Now, as a Buddhist monk or nun, are we doing the same? If you go to the Internet and download a film and a song to enjoy, then you are doing the same. You have to do what the Buddha taught you to do: learn to go home to yourself without fear. Breathe and walk to generate the energy of mindfulness and concentration and insight, and go home and take care of the loneliness inside. We do not have time to look for sensory impressions to fill up the vacuum in us. If we do that, we are not really monastics, we are acting just like the people in the world.

 However, while forbidding the use of personal digital devices at the 2013 retreat, in his talk Thay was open to the possibility that digital technology and social media could be supportive rather than destructive:

… if technology can help you to go home to yourself and take care of your anger, take care of your despair, take care of your loneliness, if technology helps you to create joyful feelings, happy feelings for yourself and for your beloved ones, it’s going in a good way and you can make good use of technology.

Although Thay was especially concerned about the distancing from oneself and others caused by technological over-consumption, he also advocated for technology when he thought it might help bring the teachings of mindfulness to more people. I remember a discussion I had at Plum Village in 1996 after the community had created a web site. Some practitioners were extremely opposed. “Doesn’t Plum Village realize the internet is full of pornographers?” they argued. The Plum Village website remained and expanded. In 2004 Thay personally urged a group of us to create a website for the Order of Interbeing.

Plum Village’s creative use of technology expanded greatly after 2013, including a Facebook page, a YouTube channel, and the Plum Village app. The pandemic pushed Plum Village (and the Still Water Mindfulness Practice Center) to offer regular Sangha meetings online, as well as retreats, classes, and ceremonies.

Twenty-five hundred years ago the Buddha advocated a “middle way” between ascetic abstinence and harmful over-indulgence. In Thay’s translation of “The Discourse on Turning the Wheel of the Dharma,”  the Buddha explains the middle way to the five monks with whom he had practiced with these words:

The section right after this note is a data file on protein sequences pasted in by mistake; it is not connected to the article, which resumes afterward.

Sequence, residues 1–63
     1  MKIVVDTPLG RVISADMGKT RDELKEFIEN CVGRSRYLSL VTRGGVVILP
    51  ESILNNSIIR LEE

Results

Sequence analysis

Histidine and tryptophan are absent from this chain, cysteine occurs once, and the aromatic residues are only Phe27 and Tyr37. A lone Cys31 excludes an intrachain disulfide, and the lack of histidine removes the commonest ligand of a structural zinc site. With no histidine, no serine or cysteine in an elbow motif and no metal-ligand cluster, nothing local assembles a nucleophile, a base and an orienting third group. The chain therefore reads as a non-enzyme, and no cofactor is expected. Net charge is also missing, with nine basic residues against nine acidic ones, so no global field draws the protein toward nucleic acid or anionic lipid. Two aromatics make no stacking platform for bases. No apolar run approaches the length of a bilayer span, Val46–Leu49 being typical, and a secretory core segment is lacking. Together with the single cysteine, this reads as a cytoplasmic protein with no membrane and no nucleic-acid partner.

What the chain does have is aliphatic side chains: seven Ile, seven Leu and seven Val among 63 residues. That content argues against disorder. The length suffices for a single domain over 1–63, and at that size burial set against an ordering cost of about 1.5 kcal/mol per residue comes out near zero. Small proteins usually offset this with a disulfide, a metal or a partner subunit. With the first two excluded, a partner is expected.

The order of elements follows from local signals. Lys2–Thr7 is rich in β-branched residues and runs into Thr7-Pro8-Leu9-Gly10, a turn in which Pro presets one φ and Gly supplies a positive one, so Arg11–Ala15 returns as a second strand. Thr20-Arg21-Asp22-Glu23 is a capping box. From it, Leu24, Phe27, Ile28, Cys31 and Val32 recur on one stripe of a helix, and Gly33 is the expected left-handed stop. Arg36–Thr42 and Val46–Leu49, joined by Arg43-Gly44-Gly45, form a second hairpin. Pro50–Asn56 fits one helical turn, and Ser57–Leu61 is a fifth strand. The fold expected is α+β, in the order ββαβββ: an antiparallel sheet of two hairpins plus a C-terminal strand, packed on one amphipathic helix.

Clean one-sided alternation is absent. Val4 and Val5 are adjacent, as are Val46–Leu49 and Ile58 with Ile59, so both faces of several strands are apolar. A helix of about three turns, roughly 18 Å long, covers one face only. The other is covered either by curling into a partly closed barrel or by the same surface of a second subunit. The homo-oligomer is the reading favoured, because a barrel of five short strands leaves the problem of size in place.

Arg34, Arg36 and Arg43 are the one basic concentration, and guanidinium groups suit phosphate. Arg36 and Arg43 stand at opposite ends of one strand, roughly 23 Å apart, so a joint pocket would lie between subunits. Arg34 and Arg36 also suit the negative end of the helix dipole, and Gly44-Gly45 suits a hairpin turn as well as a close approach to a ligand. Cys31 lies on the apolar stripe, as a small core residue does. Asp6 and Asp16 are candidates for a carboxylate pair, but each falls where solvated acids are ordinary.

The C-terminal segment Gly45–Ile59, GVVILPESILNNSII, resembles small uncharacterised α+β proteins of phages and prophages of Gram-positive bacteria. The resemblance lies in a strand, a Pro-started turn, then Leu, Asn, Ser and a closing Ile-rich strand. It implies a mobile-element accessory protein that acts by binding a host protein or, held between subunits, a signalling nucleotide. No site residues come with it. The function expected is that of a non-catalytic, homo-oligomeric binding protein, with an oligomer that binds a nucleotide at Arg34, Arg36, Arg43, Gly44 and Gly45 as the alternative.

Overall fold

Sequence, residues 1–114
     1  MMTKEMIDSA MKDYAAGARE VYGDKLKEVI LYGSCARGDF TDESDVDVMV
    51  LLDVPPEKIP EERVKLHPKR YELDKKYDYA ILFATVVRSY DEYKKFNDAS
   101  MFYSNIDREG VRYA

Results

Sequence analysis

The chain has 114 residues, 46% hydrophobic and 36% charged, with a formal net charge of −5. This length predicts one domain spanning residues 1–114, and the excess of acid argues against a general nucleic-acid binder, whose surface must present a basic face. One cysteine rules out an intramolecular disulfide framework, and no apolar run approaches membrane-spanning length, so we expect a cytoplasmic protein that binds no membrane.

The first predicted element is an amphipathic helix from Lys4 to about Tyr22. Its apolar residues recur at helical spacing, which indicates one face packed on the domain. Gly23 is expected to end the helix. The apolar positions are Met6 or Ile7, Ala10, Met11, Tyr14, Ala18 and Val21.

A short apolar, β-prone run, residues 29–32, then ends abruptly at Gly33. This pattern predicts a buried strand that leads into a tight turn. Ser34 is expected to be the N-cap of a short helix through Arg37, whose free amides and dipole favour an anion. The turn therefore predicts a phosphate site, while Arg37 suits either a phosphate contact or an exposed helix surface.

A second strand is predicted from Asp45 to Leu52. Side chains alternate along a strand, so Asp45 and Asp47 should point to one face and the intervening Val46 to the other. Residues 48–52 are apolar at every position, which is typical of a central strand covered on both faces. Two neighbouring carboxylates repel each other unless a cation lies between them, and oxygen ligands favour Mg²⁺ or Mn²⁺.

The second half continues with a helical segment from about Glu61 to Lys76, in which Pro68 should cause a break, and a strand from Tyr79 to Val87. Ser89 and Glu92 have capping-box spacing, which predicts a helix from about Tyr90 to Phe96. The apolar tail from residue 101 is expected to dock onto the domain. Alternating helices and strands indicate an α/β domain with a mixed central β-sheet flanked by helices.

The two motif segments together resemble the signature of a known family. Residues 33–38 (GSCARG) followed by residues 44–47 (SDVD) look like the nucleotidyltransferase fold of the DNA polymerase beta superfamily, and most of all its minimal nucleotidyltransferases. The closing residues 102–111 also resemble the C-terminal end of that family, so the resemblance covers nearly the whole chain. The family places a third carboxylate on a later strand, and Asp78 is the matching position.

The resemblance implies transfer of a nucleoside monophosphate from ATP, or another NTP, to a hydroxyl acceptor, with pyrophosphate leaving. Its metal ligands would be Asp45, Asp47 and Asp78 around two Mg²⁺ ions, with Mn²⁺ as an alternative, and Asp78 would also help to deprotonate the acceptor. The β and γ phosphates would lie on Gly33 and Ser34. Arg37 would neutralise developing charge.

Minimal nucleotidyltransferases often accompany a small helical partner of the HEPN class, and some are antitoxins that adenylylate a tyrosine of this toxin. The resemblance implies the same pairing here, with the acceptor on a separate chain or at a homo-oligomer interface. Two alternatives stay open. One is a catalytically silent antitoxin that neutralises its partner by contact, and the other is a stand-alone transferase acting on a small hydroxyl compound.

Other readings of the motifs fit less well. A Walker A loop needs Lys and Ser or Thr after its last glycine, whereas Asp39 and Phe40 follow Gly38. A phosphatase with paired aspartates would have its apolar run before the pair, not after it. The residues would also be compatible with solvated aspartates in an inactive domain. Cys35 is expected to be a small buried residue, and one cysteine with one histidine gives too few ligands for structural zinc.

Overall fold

… there are two extremes that a monk should avoid. What are the two?

The first is the devotion to sensual desire and the pleasure resulting from sensual desire. Such devotion is base, pedestrian, worldly, ignoble, and unbeneficial. The second is devotion to harsh austerity. Such devotion is painful, ignoble, and unbeneficial. By not following either of these extremes, the Tathagata has realized the Middle Way that gives rise to seeing and understanding. This seeing and understanding are at the bases of peace, knowledge, full awakening, and nirvana. I believe it is helpful for each of us to practice our own technological “middle way.”

This Thursday evening, after our meditation, we will have time to explore our use of digital technology:

  • In what ways has your use of digital technology helped you as a mindfulness practitioners to be more present in your own life?
  • In what ways has it undermined your capacity for peace and joy?
  • Are there ways you would like to change in how you use digital technology?

You are invited to join us.

Thay’s 2013 talk is titled “The Horse is Technology.” It is available on line and is summarized in a Mindfulness Bell article.

Warm wishes and many blessings,

Mitchell Ratner

in: Dharma Topics
Discussion Date: Thu, Jul 06, 2023